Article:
Wednesday, August 18, 2010

The Philosophy Of Truth

Expressed in textual form. But first a picture:


That is part of my latest underpainting, which took just three days despite being nearly a metre square. This was down to the subject (it is not complex or demanding of accuracy) and the excellent surface, which took more than three days alone to prepare and was at least four times as expensive as the M.D.F. panels I normally paint on. However, for large paintings my sturdy acrylic canvas is brilliant.

I've had a nervous few days, darting from task to task but not getting much done. Losing focus on any one thing while trying to do too many things, and feeling time pressure and feelings of loss of control, which once rationalised have disappeared. I'm more in control than most people. The painting year is nearly at and end. No paintings require deadlines, aside from distant competitions, and I don't even have to be up for work (although I consider it my duty to humanity as an artist to wake early and produce something). Now I'll dive into heavy philosophy and type my philosophy on truth. I'm aware that most people find it a bit boring or hard work, so I won't be offended if you look away now, but it is worth blogging in case someone searches for such a thing in future.

So, how can you know if something is true?

Imagine there was only one person in the universe, a mad man who thought the sky was green. He says "The sky is green". Is this true? The answer is no. It does has sort of truth though, correspondence with ones beliefs, a personal truth.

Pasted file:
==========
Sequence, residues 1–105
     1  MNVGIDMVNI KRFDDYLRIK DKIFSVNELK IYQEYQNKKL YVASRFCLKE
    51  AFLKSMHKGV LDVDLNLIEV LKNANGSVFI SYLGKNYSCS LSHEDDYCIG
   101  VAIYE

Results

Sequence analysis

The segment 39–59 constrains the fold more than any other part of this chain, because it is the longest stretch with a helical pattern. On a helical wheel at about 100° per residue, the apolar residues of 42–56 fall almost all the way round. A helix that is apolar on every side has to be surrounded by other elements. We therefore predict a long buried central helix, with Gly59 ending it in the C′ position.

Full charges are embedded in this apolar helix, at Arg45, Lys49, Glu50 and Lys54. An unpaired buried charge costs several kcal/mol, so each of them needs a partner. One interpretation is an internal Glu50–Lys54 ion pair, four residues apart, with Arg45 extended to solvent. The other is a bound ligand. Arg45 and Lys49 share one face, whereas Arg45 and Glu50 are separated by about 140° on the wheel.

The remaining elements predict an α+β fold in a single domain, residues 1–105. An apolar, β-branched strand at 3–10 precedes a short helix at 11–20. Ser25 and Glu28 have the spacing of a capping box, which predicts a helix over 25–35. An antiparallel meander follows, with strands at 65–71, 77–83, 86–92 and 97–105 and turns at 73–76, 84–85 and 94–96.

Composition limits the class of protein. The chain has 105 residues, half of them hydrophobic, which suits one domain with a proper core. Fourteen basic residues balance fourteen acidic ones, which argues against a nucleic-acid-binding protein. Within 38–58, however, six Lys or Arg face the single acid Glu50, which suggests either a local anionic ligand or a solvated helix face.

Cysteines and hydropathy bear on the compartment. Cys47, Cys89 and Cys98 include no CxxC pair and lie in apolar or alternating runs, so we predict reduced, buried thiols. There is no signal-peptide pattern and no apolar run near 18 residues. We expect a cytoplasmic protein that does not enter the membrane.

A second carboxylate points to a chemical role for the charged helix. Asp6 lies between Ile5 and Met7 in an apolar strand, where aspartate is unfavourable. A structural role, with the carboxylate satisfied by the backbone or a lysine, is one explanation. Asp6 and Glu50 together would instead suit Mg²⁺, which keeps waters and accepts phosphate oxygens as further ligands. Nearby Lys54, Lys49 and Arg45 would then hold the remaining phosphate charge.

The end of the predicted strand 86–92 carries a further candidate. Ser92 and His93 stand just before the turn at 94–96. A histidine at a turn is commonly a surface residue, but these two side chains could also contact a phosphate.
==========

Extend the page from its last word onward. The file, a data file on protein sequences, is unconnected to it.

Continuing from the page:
That situation is a trick because we the observer also had a presence in the universe. We see it not from the mad man's perspective but our own. We know that the sky is blue, so we can say that the statement is false. What if we also believed that the sky was green? Would the statement then be true?

Imagine that the world was filled with people who all believed the sky was green. One says "The sky is green". Is this true? Again no. Again this has a sort of truth, correspondence with the common consensus, but the statement is not true. Ask yourself; Before Copernicus did the Sun really orbit the Earth just because the authorities insisted it did?

Real truth is when a statement equates with "reality", yet defining reality is a problem for philosophers because it is built from our perceptions, and so truth appears to be an equation between the beliefs about our thoughts and the beliefs about our perceptions. If both sides of the equation involve our beliefs then anything could be called true. What is the solution?

The solution is to assign a mind to the universe. Something is true when our beliefs are the same as the beliefs of the universe. The universe consists of everything that is not us. Like any being, we must assume that the universe has perceptions and beliefs, the perceptions of all things.

In the first example there is only one man in the universe, a mad man who thought the sky to be green. We the observer are also present, but now the universe is present too. There are three beings. The universe believes the sky to be blue so when we believe it, it is true. When the mad man believes it, it is false.

Perfect establishment of the truth is a matter of communication with the universe to establish its beliefs then, and to establish truth we must communicate with the universe as we do with other people to establish their beliefs.